Depending on proposals from potential tenants, Lo said some statues might be returned to the mansion's grounds. However, space is extremely limited, and any sculptural additions must not compromise the historical integrity of the mansion itself. He said statues that could potentially return include the eight concrete Taoist gods and the Buddha.
Because of the overwhelming crowds and fully booked guided tours, Lo has been helping as a tour guide during the open days.
"Most (of the visitors) say, 'where is the Tiger Balm Garden and where is the hell, or the big white pagoda?'" he said, "and I have to repeatedly explain to them that those have been demolished."
Because the name Tiger Balm Gardens still conjures powerful nostalgia in Hong Kong, the adjacent mansion presents an ideal opportunity to capitalize on a beloved brand name.
"I don't know which business will be adopted because this will be a commercial tender," Chan said. "This building will remain in government hands. It will not be sold, it will just be leased out to the tenant."
She said the Development Bureau would not consider any tenants until the tender is made public in subsequent months. She said the government does not currently have any business interests in mind. Comment cards will be evaluated and any necessary revisions will be made to the tender document.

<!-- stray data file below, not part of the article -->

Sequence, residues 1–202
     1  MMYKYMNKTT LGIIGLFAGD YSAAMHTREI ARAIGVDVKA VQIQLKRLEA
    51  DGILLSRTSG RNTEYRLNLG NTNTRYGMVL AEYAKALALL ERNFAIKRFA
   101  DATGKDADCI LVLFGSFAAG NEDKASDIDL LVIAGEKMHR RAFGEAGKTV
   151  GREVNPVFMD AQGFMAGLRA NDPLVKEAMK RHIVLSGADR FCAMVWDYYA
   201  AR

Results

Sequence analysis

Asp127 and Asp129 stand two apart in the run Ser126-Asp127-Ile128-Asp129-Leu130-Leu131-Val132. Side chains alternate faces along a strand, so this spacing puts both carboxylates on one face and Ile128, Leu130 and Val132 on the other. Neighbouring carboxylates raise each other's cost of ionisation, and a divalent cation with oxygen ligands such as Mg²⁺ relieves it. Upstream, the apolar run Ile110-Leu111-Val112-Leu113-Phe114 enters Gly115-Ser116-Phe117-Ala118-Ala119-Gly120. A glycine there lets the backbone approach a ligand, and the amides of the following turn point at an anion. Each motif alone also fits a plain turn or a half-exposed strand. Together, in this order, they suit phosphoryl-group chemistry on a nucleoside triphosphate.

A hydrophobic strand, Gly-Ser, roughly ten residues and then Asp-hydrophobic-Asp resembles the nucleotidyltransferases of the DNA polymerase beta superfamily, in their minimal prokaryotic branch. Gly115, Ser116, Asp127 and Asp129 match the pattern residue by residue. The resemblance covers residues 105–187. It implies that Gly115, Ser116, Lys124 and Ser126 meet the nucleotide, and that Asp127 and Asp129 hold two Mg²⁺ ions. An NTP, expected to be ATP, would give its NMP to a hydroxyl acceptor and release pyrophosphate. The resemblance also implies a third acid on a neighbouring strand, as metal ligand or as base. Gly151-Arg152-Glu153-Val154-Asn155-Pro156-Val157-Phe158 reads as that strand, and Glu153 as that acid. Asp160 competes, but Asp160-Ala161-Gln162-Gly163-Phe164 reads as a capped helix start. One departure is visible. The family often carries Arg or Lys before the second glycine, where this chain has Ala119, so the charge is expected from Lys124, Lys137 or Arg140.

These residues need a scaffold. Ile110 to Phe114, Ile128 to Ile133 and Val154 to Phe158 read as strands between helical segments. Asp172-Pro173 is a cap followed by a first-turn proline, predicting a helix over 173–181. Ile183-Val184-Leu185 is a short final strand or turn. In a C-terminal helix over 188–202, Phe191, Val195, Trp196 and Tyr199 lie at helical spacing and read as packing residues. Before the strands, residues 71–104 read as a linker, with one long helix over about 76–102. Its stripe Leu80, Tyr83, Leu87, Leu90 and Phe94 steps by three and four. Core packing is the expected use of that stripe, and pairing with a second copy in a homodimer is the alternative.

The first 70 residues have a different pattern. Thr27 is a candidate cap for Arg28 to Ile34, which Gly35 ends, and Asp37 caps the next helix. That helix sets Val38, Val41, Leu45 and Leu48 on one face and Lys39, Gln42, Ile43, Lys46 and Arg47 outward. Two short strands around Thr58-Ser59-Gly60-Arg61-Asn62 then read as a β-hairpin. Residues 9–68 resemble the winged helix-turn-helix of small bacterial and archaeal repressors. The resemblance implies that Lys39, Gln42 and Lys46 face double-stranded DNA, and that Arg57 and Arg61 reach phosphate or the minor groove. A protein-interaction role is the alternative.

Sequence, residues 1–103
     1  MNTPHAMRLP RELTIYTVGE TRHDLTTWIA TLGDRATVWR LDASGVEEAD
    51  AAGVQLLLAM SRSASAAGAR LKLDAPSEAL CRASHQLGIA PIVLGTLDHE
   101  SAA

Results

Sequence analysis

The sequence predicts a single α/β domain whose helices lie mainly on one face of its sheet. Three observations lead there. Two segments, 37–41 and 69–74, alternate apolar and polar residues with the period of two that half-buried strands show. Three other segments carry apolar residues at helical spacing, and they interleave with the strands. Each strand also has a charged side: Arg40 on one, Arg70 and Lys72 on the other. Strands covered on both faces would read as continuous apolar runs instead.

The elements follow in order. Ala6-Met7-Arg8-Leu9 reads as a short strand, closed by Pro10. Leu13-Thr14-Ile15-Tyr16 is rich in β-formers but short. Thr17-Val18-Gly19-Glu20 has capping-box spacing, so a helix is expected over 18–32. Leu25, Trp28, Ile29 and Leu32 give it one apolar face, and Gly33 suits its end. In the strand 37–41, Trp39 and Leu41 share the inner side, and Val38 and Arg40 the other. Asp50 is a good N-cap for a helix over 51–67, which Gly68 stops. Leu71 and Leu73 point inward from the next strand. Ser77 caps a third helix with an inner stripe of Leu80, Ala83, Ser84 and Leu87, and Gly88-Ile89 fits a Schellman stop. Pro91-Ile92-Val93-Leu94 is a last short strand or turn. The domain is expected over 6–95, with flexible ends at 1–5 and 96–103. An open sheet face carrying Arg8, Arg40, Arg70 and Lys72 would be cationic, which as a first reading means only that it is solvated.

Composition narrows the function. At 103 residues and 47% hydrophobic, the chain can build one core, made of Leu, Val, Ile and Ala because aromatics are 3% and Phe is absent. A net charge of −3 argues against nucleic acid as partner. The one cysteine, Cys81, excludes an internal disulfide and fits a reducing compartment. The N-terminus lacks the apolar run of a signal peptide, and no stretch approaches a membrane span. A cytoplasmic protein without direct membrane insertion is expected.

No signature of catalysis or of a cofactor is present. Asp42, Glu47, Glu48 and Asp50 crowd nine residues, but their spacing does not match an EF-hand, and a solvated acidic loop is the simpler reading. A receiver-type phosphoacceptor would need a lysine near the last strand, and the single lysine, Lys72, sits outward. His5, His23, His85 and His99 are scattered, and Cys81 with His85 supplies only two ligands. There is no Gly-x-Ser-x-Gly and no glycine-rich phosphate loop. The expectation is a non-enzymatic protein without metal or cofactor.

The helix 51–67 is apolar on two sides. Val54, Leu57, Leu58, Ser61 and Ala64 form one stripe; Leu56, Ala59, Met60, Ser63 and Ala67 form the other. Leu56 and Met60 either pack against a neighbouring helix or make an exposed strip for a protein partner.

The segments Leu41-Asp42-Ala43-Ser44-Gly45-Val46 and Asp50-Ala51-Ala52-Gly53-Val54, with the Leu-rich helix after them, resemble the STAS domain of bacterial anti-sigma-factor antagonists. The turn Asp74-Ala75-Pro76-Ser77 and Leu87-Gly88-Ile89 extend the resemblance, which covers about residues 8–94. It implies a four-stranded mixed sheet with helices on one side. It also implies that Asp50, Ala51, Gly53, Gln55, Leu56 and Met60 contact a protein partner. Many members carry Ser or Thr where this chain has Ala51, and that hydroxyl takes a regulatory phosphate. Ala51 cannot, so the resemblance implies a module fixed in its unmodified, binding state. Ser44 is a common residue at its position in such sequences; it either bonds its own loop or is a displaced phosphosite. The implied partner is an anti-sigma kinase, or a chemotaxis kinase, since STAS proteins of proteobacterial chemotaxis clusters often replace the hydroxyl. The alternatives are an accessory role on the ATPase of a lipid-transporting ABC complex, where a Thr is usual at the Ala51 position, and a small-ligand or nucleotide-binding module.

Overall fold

Commercial revitalization of the Haw Par mansion became a topic in 2008, when Chief Executive Donald Tsang proposed that the site be transformed into a wine-trading center during his policy address.
Lai said he and other Wan Chai district councilors met with the Development Bureau in early 2009 to discuss revitalization plans for the mansion and other Wan Chai heritage sites. Lai said his group opposed the proposals for commercial revitalization.
Chan has been liaising among parties concerned with the mansion. She said the anger expressed immediately following the rezoning in October is due to a misunderstanding.
"I understand that the residents and the school are worried, but after explaining to them, I hope the two understand that this is not a big project," she said.
David Lai agrees that there is a misunderstanding. "When I said I didn't want the red wine idea, I didn't mean another business would be better. This should be preserved as a public heritage site," he said.
Once the government finalizes the tender, Chan said the Development Bureau would accept bids from potential tenants. Two factors will be considered: the high bidder and the technical merits of the revitalization proposal. She said bids and proposals will not be made public.
The successful bidder will be required to offer guided tours for the general public, and Chan said the government would keep a vigilant watch over adherence to conservation guidelines.
from a Hong Kong photography forum :